If the sentence to be contracted is not included in the original belief set, then contraction by that sentence involves no change at all. Such contractions are idle (vacuous) operations, and they should leave the original set unchanged.

Vacuity: Ifp∉ Cn(K), thenK÷p=K.

Logically equivalent sentences should be treated alike in contraction:

Extensionality: Ifp↔q∈ Cn(∅), thenK÷p=K÷q.

Extensionality guarantees that the logic of contraction is extensional in the sense of allowing logically equivalent sentences to be freely substituted for each other.

Belief contraction should not only be successful, it should also be
*minimal* in the sense of leading to the loss of as few previous
beliefs as possible. The epistemic agent should give up beliefs only
when forced to do so, and should then give up as few of them as
possible. This is ensured by the following postulate:

Recovery:K⊆ (K÷p)+p

According to Recovery, so much is retained after *p* has been
removed that everything can be recovered by reinclusion (through
expansion) of *p*.

One of the central results of the AGM model is a representation
theorem for partial meet contraction. According to this theorem, an
operator ÷ is an operator of partial meet contraction for a
belief set *K* if and only if it satisfies the six
above-mentioned postulates, namely Closure, Success, Inclusion,
Vacuity, Extensionality, and Recovery.

A selection function for a belief set *K* should, for all
sentences *p*, select those elements of
*K*⊥*p* that are “best”, or most worth
retaining. However, the definition of a selection function is very
general, and allows for quite disorderly selection patterns. An
orderly selection function should always choose the best element(s) of
the remainder set according to some well-behaved preference
relation. A selection function γ for a belief set *K* is
*relational* if and only if there is a binary relation
**R** such that for all sentences *p*, if
*K*⊥*p* is non-empty, then
γ(*K*⊥*p*) = {*B* ∈
*K*⊥*p* | *C***R***B*
for all *C* ∈ *K*⊥*p*}. Furthermore, if
**R** is transitive (i.e., it satisfies: If
*A***R***B* and
*B***R***C*, then
*A***R***C*), then γ and the partial
meet contraction that it gives rise to are *transitively
relational.*

In order to characterize transitively relational partial meet contraction, postulates are needed that refer to contraction by conjunctions.

In order to give up a conjunction *p*&*q*, the
agent must relinquish either her belief in *p* or her belief in
*q* (or both). Suppose that contracting by
*p*&*q* leads to loss of the belief in *p*,
i.e., that *p*
∉
*K*÷(*p*&*q*). It can be expected
that in this case contraction by *p*&*q* should lead
to the loss of all beliefs that would have been lost in order to
contract by *p*. Another way to express this is that everything
that is retained in *K*÷(*p*&*q*) is
also retained in *K*÷*p*:

Conjunctive inclusion: Ifp∉K÷(p&q), thenK÷(p&q) ⊆K÷p.

Another fairly reasonable principle for contraction by conjunctions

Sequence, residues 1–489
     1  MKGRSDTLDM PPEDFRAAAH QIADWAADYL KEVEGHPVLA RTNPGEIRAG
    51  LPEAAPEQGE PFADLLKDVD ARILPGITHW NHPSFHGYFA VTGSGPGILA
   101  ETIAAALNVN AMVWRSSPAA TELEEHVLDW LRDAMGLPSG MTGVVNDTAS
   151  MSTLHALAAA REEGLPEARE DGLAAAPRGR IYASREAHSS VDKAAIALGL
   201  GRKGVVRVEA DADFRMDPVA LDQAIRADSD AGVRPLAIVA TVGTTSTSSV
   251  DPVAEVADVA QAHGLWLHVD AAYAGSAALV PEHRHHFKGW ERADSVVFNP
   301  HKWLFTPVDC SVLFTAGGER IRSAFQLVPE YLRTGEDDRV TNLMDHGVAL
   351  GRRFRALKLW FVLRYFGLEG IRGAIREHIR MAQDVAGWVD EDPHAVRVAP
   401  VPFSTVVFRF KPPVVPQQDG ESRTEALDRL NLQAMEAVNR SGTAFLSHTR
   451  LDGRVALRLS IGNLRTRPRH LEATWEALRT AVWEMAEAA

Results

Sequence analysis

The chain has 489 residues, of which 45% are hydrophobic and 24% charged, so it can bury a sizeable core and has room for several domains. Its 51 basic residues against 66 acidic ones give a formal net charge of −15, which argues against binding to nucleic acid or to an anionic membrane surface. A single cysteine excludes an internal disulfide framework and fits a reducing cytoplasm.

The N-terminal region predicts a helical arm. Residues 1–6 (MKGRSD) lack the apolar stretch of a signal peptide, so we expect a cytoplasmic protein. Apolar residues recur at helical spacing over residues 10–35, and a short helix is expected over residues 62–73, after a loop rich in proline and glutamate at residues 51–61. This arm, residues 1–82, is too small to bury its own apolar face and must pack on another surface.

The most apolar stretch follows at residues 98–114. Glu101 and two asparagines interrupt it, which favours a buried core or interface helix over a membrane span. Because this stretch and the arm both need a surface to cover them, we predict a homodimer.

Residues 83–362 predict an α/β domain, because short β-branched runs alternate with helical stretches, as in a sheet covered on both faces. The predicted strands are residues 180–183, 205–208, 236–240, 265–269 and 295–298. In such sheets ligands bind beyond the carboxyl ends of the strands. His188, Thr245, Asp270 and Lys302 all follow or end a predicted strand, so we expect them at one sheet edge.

is that whatever can withstand both contraction by *p* and
contraction by *q* can also withstand contraction by
*p*&*q*. In other words, whatever is an element of
both *K*÷*p* and *K*÷*q* is
also an element of *K*÷(*p*&*q*).

Conjunctive overlap: (K÷p) ∩ (K÷q) ⊆K÷(p&q)

Conjunctive overlap and Conjunctive inclusion are commonly called
*Gärdenfors's supplementary postulates* for belief
contraction. An operation ÷ for *K* is a transitively
relational partial meet contraction if and only if it satisfies the
six basic postulates and in addition both Conjunctive overlap and
Conjunctive inclusion.

### 2.2 Entrenchment-based contraction

When forced to give up previous beliefs, the epistemic agent should
give up beliefs that have as little explanatory power and overall
informational value as possible. As an example of this, in the choice
between giving up beliefs in natural laws and beliefs in single
factual statements, beliefs in the natural laws, that have much higher
explanatory power, should in general be retained. This was the basic
idea behind Peter Gärdenfors's proposal that contraction of
beliefs should be ruled by a binary relation, *epistemic
entrenchment.* (Gärdenfors 1988, Gärdenfors and Makinson
1988) To say of two elements *p* and *q* of the belief
set that “*q* is more entrenched than *p*”
means that *q* is more useful in inquiry or deliberation, or
has more “epistemic value” than *p*. In belief
contraction, the beliefs with the lowest entrenchment should be the
ones that are most readily given up.

The following symbols will be used for epistemic entrenchment:

p≤q:pis at most as entrenched asq.

p<q:pis less entrenched thanq((p≤q)&¬(q≤p))).

p≡q:pandqare equally entrenched ((p≤q)&(q≤p)).

Gärdenfors has proposed the following five postulates for epistemic entrenchment, that are often referred to as the standard postulates for entrenchment:

Transitivity: Ifp≤qandq≤r, thenp≤r.

Dominance: Ifp⊢q, thenp≤q.

Conjunctiveness: Eitherp≤(p&q) orq≤(p&q).

Minimality: If the belief setKis consistent, thenp∉Kif and only ifp≤qfor allq.

Maximality: Ifq≤pfor allq, thenp∈ Cn(∅).

It follows from the first three of these postulates that an
entrenchment relation satisfies connectivity, i.e. it holds for all
*p* and *q* that either *p*≤*q* or
*q*≤*p*.

An entrenchment relation ≤ gives rise to an operator ÷ of entrenchment-based contraction according to the following definition:

q∈K÷pif and only ifq∈Kand eitherp< (p∨q) orp∈ Cn(∅).

Entrenchment-based contraction has been shown to coincide exactly with transitively relational partial meet contraction.